Intersections – Watching the mockingbird
By Nicki Salcedo
I have no intention of reading Harper Lee’s “Go Set a Watchman.” I won’t say I’ll never read it. Nevers catch up with me too quickly, but I’m not interested in altering the legacy of “To Kill a Mockingbird.” It was not my very favorite book as a child, though it seems to be a book that is more unanimously liked than any other book put into the hands of schoolchildren.
I won’t read “Watchman,” because it reminds me that people like to rewrite history. If Atticus Finch was wholly good the first time, he must be gritty and real and racist this go-round. Maybe this new Atticus is the one Harper Lee intended for “Mockingbird.” I don’t know.
The reason why I liked “To Kill a Mockingbird” was not Atticus. I liked the idea of a town where a kid was free to find adventures. After the Atlanta Child Murders in the early 1980s, I was not allowed to go more than one house away at any time. My entire childhood was confined to directly across the street and directly next door. I could walk to and from school, but that was it.
It seemed like a dream to have an entire community as your playground. That’s what I liked about the book.
I liked the idea of an older brother who was my partner in crime. The answer back to my echo. Every girl in a family of sisters wanted a Jem.
I liked the idea of a frail friend from out of town who shared adventures with me in the summer.
When I later discovered that friend was modeled after Truman Capote, I liked the boy more. Capote wrote my favorite holiday story, “A Christmas Memory,” and though it was filled with sweetness and nostalgia, I knew his later life was not wholly good. It was gritty and real and cut short by drugs and alcohol.
The things I liked about “To Kill a Mockingbird” had little to do with the external drama. A wrongly accused black man. Reverent black church folk. Poor white trash girl. Violent redneck father. Sassy maid. Everyone a victim of something. It set my teeth on edge when I was a kid. I did not like that part of the story. A story about race is never told that simply.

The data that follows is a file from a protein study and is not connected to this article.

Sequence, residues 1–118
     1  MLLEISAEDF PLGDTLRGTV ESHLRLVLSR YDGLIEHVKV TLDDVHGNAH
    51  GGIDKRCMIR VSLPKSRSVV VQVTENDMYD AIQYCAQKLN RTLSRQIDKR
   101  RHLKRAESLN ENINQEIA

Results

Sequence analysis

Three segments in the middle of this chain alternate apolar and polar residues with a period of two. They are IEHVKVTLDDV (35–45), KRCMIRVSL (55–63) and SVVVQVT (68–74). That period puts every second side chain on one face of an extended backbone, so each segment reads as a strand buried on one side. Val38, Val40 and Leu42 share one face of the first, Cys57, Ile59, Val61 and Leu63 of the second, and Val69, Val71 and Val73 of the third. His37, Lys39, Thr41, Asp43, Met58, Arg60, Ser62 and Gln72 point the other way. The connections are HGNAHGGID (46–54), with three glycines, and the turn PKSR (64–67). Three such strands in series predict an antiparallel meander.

If I loved the book, it was because of Boo Radley. He was the unexpected character in the story. The mysterious threat. The good in the shadows of town. Boo was part of the novel that could not be tied up neatly.
If I loved “To Kill a Mockingbird,” it was because there was a young girl with a strange name. I imagined I was her. It was easy to like Scout. It was easy to like the book. The lessons were simple. Racism is bad. Childhood is good. I liked the book for its observations about people and life. I’ve never met a person in my life who didn’t like “To Kill a Mockingbird.” I don’t want to start disliking it now.
Until late in high school, all the books I read were by men about men. Boys in New England prep schools. Cowboys. Adventurers. There’s the great debate I like to start among my friends. Were you “Catcher in the Rye” or “A Separate Peace?” If you want to see an interesting conversation ask a group of readers about Holden and Phineas.
No one, until now, has debated “To Kill a Mockingbird.”
For the record, I’m “Catcher in the Rye.” When I heard about “Go Set a Watchman,” I raged for weeks about phonies. I considered writing irate poetry in a baseball mitt. I thought about all the books of my youth that I loved. There were many. I thought about the kinds of stories fed to me in school. I thought about the kinds of stories I remembered. The ones I disliked. The ones that unsettled me.
I was in 11th grade before I read Lorraine Hansberry’s “A Raisin in the Sun.” If it’s a sin to kill a mockingbird, it is probably a sin to ignore them. And still I read.
Some books were intended to have sequels. Some sequels turn out poorly. I’m notoriously the reader of only the first book in the series. I don’t like things ruined. I don’t like the past reimagined.
Let’s not change the past. Let’s not forget it. If we sandblast the Confederate memorial off of Stone Mountain, we’ll have to change every city named Columbus. We’ll need to boycott England, the first oppressor of our independence. We will have to rewrite all the literature of the world.
The past is perfect in fiction, because it isn’t real. We’d like to ruin that too. If it were up to me, I’d let Scout forever be a little girl. This doesn’t mean she shouldn’t grow up. It just means I’m not ready to do the same.
The final image in “To Kill a Mockingbird” was of Atticus and Jem. “He would be there all night, and he would be there when Jem waked up in the morning.” That’s how I’ll leave them.